- Phase 1 – 401(k) Bare Minimum to Company Match
- Phase 2 – Pay off High Interest Debt
- Phase 3 – Create an Emergency Fund
- Phase 4 – Go “All In” on your Roth IRA ($5,500 per year) and your 401(k) ($18,000)
- Phase 5 – Consider Paying Off Some Low Interest Loans
- Phase 6 – Taxable Investments
If you have already completed phases 1 – 4 in the investment priority list, then, yeah, you might want to consider how much more you could save by paying your mortgage off even more quickly. If you have not done Phases 1-4, then you should start there first because you would effectively make more money by investing your extra dollars differently. You can see all of the calculations supporting this reasoning in “Money Doesn’t Grow on Trees. Find Out Where it Does Grow.“.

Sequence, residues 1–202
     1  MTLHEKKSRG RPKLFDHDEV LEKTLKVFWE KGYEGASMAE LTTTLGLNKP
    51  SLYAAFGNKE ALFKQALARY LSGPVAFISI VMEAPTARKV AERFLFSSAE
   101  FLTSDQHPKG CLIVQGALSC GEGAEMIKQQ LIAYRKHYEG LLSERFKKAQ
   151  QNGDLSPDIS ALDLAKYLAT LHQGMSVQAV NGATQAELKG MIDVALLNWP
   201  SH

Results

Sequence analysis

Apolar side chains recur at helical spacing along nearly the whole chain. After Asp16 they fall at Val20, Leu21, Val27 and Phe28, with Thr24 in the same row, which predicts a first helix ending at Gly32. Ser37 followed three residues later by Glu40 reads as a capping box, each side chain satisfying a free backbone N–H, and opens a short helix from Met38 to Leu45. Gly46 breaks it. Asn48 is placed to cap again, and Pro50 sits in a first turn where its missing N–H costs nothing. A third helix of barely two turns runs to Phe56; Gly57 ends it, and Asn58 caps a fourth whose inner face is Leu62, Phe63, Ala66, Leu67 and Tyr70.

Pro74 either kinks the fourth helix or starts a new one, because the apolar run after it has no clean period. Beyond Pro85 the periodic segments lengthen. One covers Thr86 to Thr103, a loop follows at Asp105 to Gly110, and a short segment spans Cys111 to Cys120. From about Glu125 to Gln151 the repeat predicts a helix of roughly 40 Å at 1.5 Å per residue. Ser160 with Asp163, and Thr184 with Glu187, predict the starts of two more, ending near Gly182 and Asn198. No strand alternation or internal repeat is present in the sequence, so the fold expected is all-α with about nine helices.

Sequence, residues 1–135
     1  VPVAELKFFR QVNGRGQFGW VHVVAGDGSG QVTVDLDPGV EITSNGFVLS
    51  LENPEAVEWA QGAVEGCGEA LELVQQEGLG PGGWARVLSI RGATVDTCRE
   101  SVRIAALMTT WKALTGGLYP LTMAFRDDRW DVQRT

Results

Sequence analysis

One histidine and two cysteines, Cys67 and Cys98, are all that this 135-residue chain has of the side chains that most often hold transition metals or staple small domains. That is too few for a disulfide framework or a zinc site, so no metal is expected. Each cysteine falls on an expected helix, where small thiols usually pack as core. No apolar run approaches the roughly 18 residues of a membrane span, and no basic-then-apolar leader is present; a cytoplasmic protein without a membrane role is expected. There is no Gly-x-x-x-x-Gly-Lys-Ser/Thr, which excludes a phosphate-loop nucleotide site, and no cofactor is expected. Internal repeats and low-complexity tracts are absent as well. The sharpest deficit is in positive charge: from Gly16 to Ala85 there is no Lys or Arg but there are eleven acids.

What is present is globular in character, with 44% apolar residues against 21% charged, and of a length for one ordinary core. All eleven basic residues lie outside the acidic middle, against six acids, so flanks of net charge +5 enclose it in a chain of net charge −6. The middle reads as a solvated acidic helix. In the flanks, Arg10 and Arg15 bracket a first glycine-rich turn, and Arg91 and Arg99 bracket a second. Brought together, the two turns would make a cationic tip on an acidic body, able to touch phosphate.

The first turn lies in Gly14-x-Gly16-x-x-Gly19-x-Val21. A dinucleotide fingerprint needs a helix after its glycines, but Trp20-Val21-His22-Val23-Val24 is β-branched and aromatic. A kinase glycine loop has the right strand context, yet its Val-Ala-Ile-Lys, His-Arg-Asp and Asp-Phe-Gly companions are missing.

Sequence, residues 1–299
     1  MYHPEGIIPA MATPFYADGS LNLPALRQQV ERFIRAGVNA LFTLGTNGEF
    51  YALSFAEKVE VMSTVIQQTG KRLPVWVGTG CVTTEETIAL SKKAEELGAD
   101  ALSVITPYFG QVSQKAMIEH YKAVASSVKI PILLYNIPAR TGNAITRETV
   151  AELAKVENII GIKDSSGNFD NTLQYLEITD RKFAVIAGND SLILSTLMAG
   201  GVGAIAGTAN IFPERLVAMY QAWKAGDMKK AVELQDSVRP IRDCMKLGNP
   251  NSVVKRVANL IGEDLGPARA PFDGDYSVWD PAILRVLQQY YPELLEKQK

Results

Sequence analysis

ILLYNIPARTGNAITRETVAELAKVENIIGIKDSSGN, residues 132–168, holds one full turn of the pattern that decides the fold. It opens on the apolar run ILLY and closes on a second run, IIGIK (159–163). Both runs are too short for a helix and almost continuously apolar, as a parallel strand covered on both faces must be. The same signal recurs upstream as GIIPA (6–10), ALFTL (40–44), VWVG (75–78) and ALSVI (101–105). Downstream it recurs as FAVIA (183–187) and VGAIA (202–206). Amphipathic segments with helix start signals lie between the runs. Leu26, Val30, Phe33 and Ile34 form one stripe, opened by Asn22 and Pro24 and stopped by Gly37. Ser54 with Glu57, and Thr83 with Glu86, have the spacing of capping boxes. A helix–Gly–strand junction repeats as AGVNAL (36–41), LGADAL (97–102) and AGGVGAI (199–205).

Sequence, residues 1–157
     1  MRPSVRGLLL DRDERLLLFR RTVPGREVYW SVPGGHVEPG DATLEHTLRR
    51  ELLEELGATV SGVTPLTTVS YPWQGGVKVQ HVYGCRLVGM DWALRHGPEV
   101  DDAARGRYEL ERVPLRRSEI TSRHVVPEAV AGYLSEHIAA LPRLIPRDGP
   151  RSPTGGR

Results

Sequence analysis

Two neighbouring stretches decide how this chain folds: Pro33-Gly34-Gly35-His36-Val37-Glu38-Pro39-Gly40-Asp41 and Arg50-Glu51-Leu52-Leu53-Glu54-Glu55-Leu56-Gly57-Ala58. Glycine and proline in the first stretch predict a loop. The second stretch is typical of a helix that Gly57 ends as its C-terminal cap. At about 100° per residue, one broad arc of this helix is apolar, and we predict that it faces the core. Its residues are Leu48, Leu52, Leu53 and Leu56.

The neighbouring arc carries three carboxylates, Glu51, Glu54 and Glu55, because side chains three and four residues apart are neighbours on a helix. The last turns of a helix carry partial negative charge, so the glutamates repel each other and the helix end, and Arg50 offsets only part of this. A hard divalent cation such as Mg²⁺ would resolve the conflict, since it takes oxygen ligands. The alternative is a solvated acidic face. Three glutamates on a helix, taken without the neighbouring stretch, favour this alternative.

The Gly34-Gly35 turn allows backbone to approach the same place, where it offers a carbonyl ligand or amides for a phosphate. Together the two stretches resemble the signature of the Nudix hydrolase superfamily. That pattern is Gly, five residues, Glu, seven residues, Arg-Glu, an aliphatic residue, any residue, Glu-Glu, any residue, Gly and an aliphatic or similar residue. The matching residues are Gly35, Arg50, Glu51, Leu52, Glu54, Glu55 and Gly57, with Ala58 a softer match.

Last things last, I think everyone should work to pay off their mortgage before they retire (as I mentioned above). By understanding the “retire to infinity” lessons in “How to Retire Early by Balancing the Invest vs. Spend Equation“, along with the present value formulas in the time value of money post, you can accurately predict not only how much you will need to retire but also how much should be in your accounts now in order to retire with the funds that you planned. In that way, using your extra dollars to pay off your mortgage more quickly versus using that money to invest for retirement is not just a simple interest rate comparison. By paying off your mortgage you are reducing the amount of money you have to invest in retirement in the first place. Sometimes substantially.